Truth in the age of social media

Last Thursday, Oct. 5, a short video clip posted on X, formerly Twitter, went viral. The video shows a police officer stopping traffic along busy Commonwealth Avenue in Quezon City, purportedly to let a VIP convoy freely cross the wide avenue. Within a short span of time, the video had been reposted and uploaded on other social media platforms, eliciting a torrent of angry and expletive-laden commentary about the sense of entitlement of a particular high-ranking government official.

The following day, Oct. 6, the Office of the Vice President (OVP) issued a long official statement denying that the VIP in question was incumbent Vice President Sara Duterte. The statement, posted on the OVP’s Facebook page, said it was impossible for VP Sara to have been in Commonwealth Avenue on that day, as claimed in the video, because she was at that time in Mindanao to address a World Teacher’s Day celebration. It went on to say that “the Vice President will always put the interest and welfare of the public over her own personal interest and privileges.”

The Quezon City Police Department (QCPD) came out with its own statement apologizing for the mistake and announcing that it had relieved the police officer involved, who also apologized for his mistake. After viewing the video a few times, I thought that Sgt. Pantallano might have misheard the word VIP and, in his confusion, confirmed that it referred to the VP. It was an honest error that shouldn’t have caused the political furor it unleashed.

It is a perfect example of a piece of misinformation (rather than motivated disinformation) that acquired a life of its own in a highly charged political atmosphere, accumulating unwarranted meanings, and confirming the worst biases. From a media studies perspective, this incident validates a disturbing truism that has long kept traditional mass media on its toes but has largely been ignored in social media—namely, that what often makes information worthy of dissemination is not because it is true but because it is interesting, relevant, or shocking. This is why, in the modern world, one learns to turn to science, not to the mass media, to know what is true.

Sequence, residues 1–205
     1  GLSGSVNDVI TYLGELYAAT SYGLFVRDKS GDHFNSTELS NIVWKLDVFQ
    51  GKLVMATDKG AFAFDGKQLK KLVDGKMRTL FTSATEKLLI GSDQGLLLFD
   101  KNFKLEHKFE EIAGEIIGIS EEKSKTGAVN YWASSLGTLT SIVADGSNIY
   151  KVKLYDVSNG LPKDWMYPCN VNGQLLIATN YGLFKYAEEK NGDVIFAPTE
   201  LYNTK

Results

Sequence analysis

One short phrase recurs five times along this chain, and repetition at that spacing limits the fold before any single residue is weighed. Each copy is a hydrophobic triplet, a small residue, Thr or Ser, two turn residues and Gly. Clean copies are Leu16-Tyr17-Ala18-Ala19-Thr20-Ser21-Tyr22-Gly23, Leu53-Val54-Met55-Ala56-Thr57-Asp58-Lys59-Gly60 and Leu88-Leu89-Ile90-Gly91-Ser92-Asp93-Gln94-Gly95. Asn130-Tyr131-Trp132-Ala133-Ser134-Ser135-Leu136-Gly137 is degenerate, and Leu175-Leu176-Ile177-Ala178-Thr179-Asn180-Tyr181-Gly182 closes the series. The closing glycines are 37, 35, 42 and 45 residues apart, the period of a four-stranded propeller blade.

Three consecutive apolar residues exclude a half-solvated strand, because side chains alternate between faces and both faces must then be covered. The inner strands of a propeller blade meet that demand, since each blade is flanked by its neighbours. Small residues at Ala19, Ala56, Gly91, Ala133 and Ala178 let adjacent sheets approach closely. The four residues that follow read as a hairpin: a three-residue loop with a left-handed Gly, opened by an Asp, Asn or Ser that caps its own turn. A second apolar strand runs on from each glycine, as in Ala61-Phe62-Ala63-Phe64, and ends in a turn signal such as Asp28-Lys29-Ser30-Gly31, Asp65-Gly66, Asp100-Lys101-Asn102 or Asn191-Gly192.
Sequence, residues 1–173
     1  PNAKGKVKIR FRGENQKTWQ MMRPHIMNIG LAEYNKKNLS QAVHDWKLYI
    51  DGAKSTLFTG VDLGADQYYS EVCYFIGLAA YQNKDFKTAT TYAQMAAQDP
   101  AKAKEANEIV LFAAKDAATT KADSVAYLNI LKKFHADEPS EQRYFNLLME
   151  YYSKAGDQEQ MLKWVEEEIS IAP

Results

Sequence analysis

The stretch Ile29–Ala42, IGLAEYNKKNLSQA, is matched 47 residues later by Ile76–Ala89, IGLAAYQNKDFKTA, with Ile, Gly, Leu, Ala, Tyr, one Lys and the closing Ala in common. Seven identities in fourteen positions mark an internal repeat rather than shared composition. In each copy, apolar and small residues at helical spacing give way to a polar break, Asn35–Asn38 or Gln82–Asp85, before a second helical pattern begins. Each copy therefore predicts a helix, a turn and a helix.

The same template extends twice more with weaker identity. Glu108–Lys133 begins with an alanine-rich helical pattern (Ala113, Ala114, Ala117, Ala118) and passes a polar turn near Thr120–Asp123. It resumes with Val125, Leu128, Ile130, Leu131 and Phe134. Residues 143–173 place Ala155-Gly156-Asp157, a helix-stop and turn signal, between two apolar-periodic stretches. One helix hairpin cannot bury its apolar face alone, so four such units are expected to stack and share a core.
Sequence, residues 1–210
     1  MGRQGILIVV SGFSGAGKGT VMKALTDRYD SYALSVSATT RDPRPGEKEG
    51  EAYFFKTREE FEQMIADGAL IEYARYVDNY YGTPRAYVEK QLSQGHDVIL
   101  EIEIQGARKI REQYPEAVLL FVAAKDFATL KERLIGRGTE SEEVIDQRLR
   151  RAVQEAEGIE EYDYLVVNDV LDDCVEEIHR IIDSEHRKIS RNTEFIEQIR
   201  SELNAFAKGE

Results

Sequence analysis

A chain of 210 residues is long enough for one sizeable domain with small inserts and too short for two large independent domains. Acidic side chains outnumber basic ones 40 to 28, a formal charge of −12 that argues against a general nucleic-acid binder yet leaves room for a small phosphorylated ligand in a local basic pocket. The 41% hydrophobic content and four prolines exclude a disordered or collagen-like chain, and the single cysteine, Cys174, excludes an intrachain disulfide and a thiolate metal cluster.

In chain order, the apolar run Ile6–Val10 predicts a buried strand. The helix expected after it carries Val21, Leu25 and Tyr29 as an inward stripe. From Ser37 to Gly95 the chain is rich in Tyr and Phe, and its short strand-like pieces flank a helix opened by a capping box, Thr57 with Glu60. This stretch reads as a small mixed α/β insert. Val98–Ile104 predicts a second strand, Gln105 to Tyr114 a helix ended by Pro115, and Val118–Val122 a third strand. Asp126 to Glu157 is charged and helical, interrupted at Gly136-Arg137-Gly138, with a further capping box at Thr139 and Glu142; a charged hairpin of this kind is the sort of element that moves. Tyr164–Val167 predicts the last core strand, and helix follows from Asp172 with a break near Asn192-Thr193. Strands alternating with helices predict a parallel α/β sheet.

Mainstream news organizations like newspapers and television networks have long been wary of the underlying seductions of “newsworthiness.” It is the reason why editorial boards are actively brought into the day-to-day work of newsrooms—to weed out the speculative, the misleading, and the patently false. This is not always easy to do. By the nature of their product, news organizations work on very tight deadlines. Information quickly becomes stale. There is not always enough time to adequately fact-check, aim for fairness, or completely rule out untruth.

Not so with social media, where newsworthiness has been replaced by its shady cousin, virality. In an information world where virtually everyone with a mobile device and access to the internet feels qualified to function as a reporter and/or opinion writer, there is no room for professional gatekeepers. Much less is there any compelling reason to get the other side of an issue or deconstruct an image that purports to be an objective representation of an event.

In the video, Pantallano of the QCPD assures the man who was taking the video that the traffic interruption won’t take long. “May tatawid lang pong VIP,” (We’ll just allow a VIP to cross). “Sino pong VIP?” (Who is the VIP?) the man behind the camera asks. “Uhm, si VP po yata,” the policeman mumbles. “Si VP Sara? Siya ang tatawid? (You mean VP Sara? She’s the one who will be passing?) “Yes,” Pantallano replies, sounding rattled. He then tries to reassure everyone that the traffic disruption was going to be very quick.

The video man continued to record the event and, turning to the phalanx of impatient motorists that had gathered in front, he sarcastically admonished them to be patient until VP Sara could freely cross the busy highway. At that point, a roar of laughter and jeers rose from the momentarily cleared intersection of Commonwealth Avenue. I chanced upon this viral video clip in two Viber groups. It carried a one-line comment: “Sinara ang Commonwealth kasi tatawid si VP Sara … Tangna!” (They closed Commonwealth because VP Sara was going to pass … [expletive]!)”

Too bad for the VP, it was easy to believe the video because the incident was emblematic of the sense of entitlement with which she seemed to regard confidential and intelligence funds in her recent public appearances. In any case, no responsible newspaper or television network would have used a contributed report like this, even with the accompanying photos or video, without confirming its veracity with the police or the office of the government official concerned. But social media is not bound by such rules. The governing idea is to let images and texts speak for themselves and to leave it to others to dispute their veracity or comment on whatever implications they may draw from them.

Still, I am not certain that this attitude is necessarily good for democracy. While it appears to encourage a critical view of mass communication, it could also breed a fatal indifference to the need for truthful information in public affairs.